In 1862, Company E, one of ten companies in the regiment, was raised with volunteers from Ann Arbor and Ypsilanti, as well as from Jackson and Washtenaw Counties. Since many of the volunteers were students, alumni, or faculty of the Michigan Normal School (now known as Eastern Michigan University), Company E became known as the Normal School Company.
In 1972 the Seventeenth Michigan was reactivated as the 17th Michigan Volunteer Infantry Regiment Company E, Inc., a non-profit educational organization dedicated to preserving the heritage of the turbulent days of the War of the Rebellion (the official name of the conflict as recorded in the National Archives). We are a family of men, women, and children who share a love of history and a desire to “experience” the tumultuous 1860’s through local and national reenactments. We aim to share that experience and educate the public about the experiences of the men in the war and the families at home supporting the war effort. Lastly, we are dedicated to honoring the brave men and women that served our country during the four years of conflict.
A five member Board of Trustees (elected for two-year terms) oversees the corporate business of the 17th Michigan. Military officers and NCOs are elected yearly. Current Board members include:
President: Gerald Turlo
Vice-president: Nicholas Miner
Treasurer: Gary Pritchard
Secretary: Jeanenne Reichenbach
Event Coordinator: Stephanie Miner
Captain: Nicholas Miner
1st Sgt: Charles Turlo
As a military unit our goal is to portray the infantry soldier who served in the 17th Michigan Volunteer Infantry. This involves acquisition of the necessary equipment, drill in the School of the Soldier, School of the Company, and School of the Battalion, and training in the safe handling, loading, and firing of a 58 caliber musket. We emphasize a “first person” impression to experience the life of a civil war soldier in and out of camp. We attend local and national reenactments to further enhance our experiences.
The goal of our civilian members is to portray the life of the men, women, and children who sent their husbands, sons, and other family members to war. A first person impression is also emphasized. Members have the option of portraying any “special impression” appropriate to the time period, such as a politician sutler, etc. Civilians also attend local and national reenactments.
In many Civil War Re-enactment organizations the civilian aspects of the war years are often overshadowed by the military events; but not in the 17th Michigan. Today’s 17th Michigan realizes that soldiers were citizens who left their homes and families to support their government in the struggle to re-unite the country. The soldier’s link to home was very important. The men looked forward to letters and packages from home. Mothers, wives, and sweethearts sent food, extra articles of clothing, along with the all-important news of family and friends. Concerned citizens formed soldier’s relief societies to supplement the efforts of the US Sanitary Commission (forerunner of today's American Red Cross), and the US Christian Commission, to protect the soldiers physical and spiritual health. Because of this link, and the fact that the 17th Michigan is a family oriented organization, participation by men, women, and children in the portrayal of civilian life is encouraged almost as much as participation by men to portray a Michigan infantryman is encouraged.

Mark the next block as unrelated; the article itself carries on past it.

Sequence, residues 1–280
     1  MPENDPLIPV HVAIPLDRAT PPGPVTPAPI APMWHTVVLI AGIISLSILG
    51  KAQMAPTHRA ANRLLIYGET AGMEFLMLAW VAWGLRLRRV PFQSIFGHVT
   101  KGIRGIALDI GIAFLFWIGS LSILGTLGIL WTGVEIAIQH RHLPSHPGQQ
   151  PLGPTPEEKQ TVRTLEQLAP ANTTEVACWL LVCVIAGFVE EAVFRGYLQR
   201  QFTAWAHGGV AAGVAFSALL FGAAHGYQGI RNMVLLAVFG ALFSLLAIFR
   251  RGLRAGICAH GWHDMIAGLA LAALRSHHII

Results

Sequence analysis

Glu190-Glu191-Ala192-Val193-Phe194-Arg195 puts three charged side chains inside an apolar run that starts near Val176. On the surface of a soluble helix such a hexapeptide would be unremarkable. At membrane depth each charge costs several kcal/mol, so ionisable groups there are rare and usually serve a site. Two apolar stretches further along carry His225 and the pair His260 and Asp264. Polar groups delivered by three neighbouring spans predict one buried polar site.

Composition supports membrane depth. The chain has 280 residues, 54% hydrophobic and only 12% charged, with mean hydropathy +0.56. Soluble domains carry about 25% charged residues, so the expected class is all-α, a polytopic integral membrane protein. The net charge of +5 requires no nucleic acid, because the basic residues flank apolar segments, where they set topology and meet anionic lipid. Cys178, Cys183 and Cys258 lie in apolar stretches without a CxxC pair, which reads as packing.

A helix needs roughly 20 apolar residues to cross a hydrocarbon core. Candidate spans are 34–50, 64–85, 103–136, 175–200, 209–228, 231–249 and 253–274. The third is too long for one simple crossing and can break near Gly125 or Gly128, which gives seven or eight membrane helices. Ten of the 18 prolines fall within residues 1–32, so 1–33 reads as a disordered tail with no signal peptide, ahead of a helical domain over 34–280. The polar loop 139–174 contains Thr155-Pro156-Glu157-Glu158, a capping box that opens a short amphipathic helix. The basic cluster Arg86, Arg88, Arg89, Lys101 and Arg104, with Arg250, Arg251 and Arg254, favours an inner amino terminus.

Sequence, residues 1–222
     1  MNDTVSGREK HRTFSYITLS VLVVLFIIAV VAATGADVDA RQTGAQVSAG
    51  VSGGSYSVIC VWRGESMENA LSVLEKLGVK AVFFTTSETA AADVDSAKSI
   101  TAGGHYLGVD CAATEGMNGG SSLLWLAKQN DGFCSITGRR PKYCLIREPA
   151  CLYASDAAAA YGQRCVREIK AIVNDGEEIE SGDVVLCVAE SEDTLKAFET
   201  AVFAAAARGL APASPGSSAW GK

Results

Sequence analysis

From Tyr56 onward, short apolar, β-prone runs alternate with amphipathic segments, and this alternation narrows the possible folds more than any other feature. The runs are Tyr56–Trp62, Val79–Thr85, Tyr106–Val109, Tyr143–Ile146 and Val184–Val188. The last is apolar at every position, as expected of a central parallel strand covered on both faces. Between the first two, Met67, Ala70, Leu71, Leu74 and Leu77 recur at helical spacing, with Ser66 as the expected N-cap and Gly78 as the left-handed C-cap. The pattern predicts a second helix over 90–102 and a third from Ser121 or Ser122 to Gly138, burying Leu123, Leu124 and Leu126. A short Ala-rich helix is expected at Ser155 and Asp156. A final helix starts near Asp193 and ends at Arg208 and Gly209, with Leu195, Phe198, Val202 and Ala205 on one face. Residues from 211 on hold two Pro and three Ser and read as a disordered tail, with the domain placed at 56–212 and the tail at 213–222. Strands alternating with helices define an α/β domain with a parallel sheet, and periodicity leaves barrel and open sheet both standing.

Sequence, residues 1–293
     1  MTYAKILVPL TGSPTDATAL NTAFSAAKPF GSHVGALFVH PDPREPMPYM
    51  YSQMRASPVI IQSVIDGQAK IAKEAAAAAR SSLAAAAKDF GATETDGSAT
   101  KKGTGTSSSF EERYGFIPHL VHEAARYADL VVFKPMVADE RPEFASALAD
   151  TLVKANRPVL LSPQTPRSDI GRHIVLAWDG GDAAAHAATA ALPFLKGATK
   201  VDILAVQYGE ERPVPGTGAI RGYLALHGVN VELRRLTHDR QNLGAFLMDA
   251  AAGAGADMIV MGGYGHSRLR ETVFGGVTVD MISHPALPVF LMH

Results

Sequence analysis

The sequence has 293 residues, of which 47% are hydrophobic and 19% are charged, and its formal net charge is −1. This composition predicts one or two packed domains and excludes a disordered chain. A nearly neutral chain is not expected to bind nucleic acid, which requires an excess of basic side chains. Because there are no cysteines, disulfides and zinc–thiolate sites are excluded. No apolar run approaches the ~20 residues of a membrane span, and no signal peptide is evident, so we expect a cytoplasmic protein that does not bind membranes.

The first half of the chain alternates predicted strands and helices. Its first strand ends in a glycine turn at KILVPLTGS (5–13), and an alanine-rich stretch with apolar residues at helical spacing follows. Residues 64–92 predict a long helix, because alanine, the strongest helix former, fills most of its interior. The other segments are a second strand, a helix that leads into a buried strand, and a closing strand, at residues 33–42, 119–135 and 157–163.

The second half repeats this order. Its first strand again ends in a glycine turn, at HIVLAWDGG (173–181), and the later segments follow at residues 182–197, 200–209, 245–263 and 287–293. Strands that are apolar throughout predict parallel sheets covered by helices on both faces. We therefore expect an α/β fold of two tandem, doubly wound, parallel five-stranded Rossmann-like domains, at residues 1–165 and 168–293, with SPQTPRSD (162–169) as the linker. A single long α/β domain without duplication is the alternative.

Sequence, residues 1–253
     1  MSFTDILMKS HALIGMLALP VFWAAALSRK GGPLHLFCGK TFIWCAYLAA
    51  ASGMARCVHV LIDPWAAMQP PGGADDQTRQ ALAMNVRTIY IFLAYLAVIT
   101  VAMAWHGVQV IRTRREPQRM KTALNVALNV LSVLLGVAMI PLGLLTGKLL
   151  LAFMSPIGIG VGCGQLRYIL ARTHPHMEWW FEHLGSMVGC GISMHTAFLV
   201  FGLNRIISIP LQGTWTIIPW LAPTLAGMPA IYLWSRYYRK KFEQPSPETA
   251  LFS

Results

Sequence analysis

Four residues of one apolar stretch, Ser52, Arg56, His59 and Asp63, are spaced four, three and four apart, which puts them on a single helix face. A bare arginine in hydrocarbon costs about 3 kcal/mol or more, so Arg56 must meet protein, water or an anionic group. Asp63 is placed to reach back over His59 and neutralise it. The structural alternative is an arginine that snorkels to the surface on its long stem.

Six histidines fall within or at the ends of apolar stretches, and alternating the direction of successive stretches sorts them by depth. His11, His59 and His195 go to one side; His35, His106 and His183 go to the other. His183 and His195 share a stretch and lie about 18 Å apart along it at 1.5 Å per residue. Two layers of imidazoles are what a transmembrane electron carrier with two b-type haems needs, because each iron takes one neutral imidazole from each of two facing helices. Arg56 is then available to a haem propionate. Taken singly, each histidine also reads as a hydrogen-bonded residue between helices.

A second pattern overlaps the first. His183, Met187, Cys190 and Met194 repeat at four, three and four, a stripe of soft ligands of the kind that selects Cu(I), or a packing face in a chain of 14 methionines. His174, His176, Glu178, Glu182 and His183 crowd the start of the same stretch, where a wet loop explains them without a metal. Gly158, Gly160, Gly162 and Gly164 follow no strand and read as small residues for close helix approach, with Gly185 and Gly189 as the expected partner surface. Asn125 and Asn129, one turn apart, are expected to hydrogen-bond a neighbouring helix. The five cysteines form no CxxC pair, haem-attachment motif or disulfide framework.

We also desire to share our heritage and knowledge through a variety of educational programs through first-person interpretation and impressions of the common Michigan infantryman, civilian, surgeon, and other historic figures. Currently, we have members providing first-person interpretations and impressions of an Assistant Regimental Surgeon, the Veteran/Invalid Corp, a Company Ordnance Sergeant, and a milliner. Since its reactivation, the 17th Michigan has visited schools, colleges, museums, and other public and private institutions to educate the public about the War of the Rebellion (a.k.a. The Civil War, the War between the States or as the Southern States called it, The War of Northern Aggression, or America’s Second Revolutionary War). The 17th Michigan also attends and sponsors Civil War events to further educate the public on the life of a soldier, civilian, and surgeon.
Being a non-profit educational organization (501-3c), which allows contributions to be Tax deductible on Federal income tax returns, the 17th Michigan has been able to raise funds for the preservation of our Civil War heritage by placing historical markers at sites of the original regimental engagements, providing the moneys needed to preserve Michigan's Civil War battle flags, providing moneys needed to preserve the battlefields where the 17th Michigan fought and died, and rededicating tombstones and markers of the brave men who served.
Where We Meet:
Business meetings are generally on Sunday afternoons (second Sunday) once a month January through May and September through November). Meetings are held at Historic Geenmead Village, Livonia, Michigan.
Since 1997, the 17th Michigan and Livonia's Greenmead Historic Village have been working in a collaborative relationship to further the effort to educate the public on the life of a soldier and civilian.